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CALIFORNIA | LOCAL
March 13, 2000 | ANNETTE KONDO, TIMES STAFF WRITER
She was elderly and suffering from severe asthma. Her Medi-Cal benefits were cut off Jan. 1 because the county said she had not submitted the proper forms. The woman said she had turned in the paperwork three times. The woman, who desperately needed medical care, was at a dead end. But in early March she found Nora Boyajian, a paralegal counselor with the Health Consumer Center, a free advocacy hotline that assists low-income Los Angeles County residents.
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CALIFORNIA | LOCAL
March 13, 2000 | ANNETTE KONDO, TIMES STAFF WRITER
She was elderly and suffering from severe asthma. Her Medi-Cal benefits were cut off Jan. 1 because the county said she had not submitted the proper forms. The woman said she had turned in the paperwork three times. The woman, who desperately needed medical care, was at a dead end. But in early March she found Nora Boyajian, a paralegal counselor with the Health Consumer Center, a free advocacy hotline that assists low-income Los Angeles County residents.
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BUSINESS
March 28, 1999
Having trouble getting the medical care you need? Health-maintenance organizations and insurance companies typically get the blame for delaying or denying visits to specialists and other types of care. Increasingly, though, the rejections are coming from the medical group with which your doctor is affiliated. And now that some medical groups face financial problems, the situation could get even trickier for consumers.
CALIFORNIA | LOCAL
January 17, 2003 | Charles Ornstein, Times Staff Writer
Low-income patients are frequently denied necessary dental care for which they are entitled under the state's Medi-Cal public health insurance program, according to a new report by consumer advocates. The document was prepared by the Health Consumer Alliance, which is a consortium of legal services groups for the poor, along with the Health Rights Hotline.
CALIFORNIA | LOCAL
July 24, 2000 | ANNETTE KONDO, TIMES STAFF WRITER
By the time 4-year-old Juan Carlos visited a dentist, his teeth were decayed and he cried from the pain of his gum infection. He needed immediate care and two teeth were eventually extracted. His mother thought that she had enrolled him in a government-assisted health insurance program that would cover the costs. But like other poor and recent immigrants, she discovered too late that she had been victimized. Months earlier, she had called a toll-free number that she read on a flier.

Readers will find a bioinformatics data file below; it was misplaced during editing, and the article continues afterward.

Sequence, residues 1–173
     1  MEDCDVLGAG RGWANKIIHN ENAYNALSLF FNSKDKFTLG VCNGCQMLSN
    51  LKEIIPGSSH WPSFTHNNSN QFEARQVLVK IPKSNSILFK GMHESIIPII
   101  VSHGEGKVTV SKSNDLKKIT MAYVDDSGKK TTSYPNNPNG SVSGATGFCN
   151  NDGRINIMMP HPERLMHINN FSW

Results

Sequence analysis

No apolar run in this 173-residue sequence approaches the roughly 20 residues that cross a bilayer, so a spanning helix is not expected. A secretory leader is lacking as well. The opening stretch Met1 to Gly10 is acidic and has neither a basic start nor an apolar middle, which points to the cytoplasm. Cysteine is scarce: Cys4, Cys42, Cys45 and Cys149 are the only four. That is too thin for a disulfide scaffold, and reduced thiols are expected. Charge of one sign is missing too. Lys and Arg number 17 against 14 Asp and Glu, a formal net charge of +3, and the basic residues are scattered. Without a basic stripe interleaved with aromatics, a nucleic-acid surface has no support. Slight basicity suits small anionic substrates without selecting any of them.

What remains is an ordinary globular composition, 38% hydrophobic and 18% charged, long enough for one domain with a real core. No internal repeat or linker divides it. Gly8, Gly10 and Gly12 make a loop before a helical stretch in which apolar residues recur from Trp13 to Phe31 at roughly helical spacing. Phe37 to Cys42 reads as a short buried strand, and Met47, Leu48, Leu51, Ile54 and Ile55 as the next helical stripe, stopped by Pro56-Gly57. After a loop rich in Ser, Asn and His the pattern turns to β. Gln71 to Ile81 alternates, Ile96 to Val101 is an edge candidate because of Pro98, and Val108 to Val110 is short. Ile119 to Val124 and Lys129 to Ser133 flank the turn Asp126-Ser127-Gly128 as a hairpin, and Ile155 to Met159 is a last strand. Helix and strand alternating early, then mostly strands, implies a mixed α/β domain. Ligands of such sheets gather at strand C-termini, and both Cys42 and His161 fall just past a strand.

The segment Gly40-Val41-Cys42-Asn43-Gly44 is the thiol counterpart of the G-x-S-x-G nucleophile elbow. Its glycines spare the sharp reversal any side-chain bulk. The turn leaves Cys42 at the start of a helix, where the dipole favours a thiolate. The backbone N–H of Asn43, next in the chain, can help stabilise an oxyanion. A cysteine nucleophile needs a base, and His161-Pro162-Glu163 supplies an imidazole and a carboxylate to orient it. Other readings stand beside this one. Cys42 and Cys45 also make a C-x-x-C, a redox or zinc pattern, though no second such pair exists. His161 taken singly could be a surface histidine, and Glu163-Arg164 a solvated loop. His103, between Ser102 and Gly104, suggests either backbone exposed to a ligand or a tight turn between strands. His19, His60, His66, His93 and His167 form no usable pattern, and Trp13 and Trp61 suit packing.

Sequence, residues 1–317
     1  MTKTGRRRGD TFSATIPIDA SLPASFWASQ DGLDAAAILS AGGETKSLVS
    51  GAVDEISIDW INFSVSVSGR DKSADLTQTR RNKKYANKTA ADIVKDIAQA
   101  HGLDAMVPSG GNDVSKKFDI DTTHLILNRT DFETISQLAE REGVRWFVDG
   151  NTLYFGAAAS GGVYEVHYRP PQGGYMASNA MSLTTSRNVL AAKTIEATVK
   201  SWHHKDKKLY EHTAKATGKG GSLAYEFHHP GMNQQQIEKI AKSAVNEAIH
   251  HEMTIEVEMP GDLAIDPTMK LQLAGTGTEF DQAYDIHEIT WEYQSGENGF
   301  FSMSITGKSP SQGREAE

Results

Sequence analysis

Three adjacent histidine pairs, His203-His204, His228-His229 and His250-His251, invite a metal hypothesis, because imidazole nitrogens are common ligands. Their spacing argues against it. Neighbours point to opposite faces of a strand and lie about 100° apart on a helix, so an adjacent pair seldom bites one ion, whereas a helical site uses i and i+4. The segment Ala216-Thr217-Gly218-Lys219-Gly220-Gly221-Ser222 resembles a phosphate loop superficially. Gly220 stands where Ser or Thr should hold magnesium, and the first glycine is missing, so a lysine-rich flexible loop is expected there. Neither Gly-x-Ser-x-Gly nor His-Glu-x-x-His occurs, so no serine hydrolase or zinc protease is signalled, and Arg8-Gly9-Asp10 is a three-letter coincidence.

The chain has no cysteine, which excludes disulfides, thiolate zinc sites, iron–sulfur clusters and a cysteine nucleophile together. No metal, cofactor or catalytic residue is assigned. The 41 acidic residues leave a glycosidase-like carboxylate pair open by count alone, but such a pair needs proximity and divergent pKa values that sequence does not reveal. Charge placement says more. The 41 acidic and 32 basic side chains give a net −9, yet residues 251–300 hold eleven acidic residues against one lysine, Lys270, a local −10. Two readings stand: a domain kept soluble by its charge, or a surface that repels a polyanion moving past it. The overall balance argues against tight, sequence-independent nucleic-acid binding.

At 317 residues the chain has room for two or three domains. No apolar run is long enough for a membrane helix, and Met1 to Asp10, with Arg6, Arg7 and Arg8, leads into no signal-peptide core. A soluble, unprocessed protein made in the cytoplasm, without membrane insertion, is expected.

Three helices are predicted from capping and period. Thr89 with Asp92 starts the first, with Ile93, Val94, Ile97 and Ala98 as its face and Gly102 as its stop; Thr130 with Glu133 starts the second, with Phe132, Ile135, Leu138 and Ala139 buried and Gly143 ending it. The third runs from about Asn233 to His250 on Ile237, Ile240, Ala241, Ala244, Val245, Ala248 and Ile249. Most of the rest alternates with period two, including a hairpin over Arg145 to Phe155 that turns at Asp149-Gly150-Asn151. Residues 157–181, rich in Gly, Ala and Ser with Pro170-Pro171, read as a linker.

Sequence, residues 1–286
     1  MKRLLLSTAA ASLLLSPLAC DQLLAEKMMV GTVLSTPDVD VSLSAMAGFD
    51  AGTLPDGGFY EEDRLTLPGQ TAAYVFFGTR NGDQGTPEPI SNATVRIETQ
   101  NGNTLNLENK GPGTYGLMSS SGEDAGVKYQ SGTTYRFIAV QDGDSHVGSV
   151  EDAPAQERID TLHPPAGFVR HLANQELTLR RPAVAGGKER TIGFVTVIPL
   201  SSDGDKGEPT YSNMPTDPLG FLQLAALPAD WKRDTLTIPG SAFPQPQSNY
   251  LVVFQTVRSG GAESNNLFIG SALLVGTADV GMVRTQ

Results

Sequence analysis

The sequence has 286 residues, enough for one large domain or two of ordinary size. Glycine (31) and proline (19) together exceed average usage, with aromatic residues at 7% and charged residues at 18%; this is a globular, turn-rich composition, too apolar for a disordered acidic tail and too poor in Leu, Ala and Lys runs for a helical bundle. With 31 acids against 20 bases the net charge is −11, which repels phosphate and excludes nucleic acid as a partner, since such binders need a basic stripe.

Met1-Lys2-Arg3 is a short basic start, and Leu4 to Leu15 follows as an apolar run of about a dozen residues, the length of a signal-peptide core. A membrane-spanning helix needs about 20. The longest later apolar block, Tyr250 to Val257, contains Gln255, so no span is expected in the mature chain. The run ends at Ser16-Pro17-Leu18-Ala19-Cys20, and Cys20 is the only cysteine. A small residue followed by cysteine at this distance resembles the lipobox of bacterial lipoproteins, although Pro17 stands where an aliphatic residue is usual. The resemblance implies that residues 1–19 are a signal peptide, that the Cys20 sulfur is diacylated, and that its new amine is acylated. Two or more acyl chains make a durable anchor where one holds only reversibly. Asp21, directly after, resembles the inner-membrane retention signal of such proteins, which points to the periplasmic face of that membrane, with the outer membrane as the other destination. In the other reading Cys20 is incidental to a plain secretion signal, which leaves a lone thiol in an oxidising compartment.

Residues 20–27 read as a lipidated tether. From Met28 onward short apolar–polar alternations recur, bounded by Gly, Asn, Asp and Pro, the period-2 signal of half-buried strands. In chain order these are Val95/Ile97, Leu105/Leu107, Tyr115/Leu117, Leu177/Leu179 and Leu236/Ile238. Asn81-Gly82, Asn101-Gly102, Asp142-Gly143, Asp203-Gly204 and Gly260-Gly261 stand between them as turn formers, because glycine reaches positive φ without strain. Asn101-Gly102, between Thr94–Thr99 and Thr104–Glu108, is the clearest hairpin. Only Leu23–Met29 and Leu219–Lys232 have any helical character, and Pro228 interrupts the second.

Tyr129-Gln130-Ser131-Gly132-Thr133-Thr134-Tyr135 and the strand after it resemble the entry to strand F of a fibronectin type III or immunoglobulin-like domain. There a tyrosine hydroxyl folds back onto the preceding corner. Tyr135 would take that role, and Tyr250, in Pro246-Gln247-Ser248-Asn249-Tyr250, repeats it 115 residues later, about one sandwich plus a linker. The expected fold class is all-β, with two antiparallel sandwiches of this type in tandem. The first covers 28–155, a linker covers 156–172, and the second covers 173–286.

NEWS
August 27, 2000 | PATRICK McGREEVY and HILARY E. MacGREGOR, TIMES STAFF WRITERS
The twin problems of housing and health care that plague the northeast San Fernando Valley have defied solution yet remain at the center of debate at all levels of society and government. On the national level, presidential contenders have put the two issues high on their lists of priorities. Democrat Al Gore has proposed expanding an existing tax credit program by $5.7 billion over 10 years to allow construction of 180,000 rental homes or homes for ownership. Republican George W.
NEWS
December 22, 2000 | MIGUEL BUSTILLO and JULIE MARQUIS, TIMES STAFF WRITERS
A state program that provides health care coverage for uninsured children would be expanded, with money from California's tobacco settlement, to include 300,000 parents under a proposal submitted to Washington this week by Gov. Gray Davis' administration. Details of the proposed expansion of Healthy Families, outlined in the request to U.S. Health and Human Services Secretary Donna Shalala, were received warmly by health care experts and activists for the uninsured.
HEALTH
September 27, 1999 | PETER V. LEE, SPECIAL TO THE TIMES
Not long ago, your family doctor decided the type of care you needed and made the necessary arrangements. Today, health care is much more complicated. While your primary doctor is responsible for overseeing your medical care and treatment, lots of others may also play a role. Other doctors, nurses and health professionals, as well as insurance companies, administrators and your employer may also have a say in the type of care you receive, where you get it and who provides it.
HEALTH
July 3, 2000 | JANE E. ALLEN, TIMES HEALTH WRITER
Patients with health insurance often don't think about how they're going to get to the hospital or a doctor's appointment, simply feeling secure in the promise of medical care when needed. After all, if there's an emergency, they can call 911 and their insurance generally will cover all or most of the ambulance trip.
CALIFORNIA | LOCAL
August 2, 2002 | MIKE ANTON, TIMES STAFF WRITER
Perhaps the best place to see how Orange County's health care system for poor adults has evolved over the years is at UC Irvine Medical Center's busy outpatient clinic in Santa Ana. There, doctors last year treated 2,195 patients who qualified for the county's Medical Services for Indigents program--people who live in nearby public housing and people from as far as Laguna Beach.
CALIFORNIA | LOCAL
August 29, 2000 | HILARY E. MacGREGOR and PATRICK McGREEVY, TIMES STAFF WRITERS
When 8-year-old Evelyn Salcedo needed a tonsillectomy, her mother took her to Michoacan for the operation. The reason: Ana Salcedo had been charged $400 earlier for tests at a hospital in the San Fernando Valley. Without insurance, government assistance or private means, Salcedo could only afford a doctor in Mexico. It was the same for Rosaura Haro. When she and her daughter needed medical tests, she went south.
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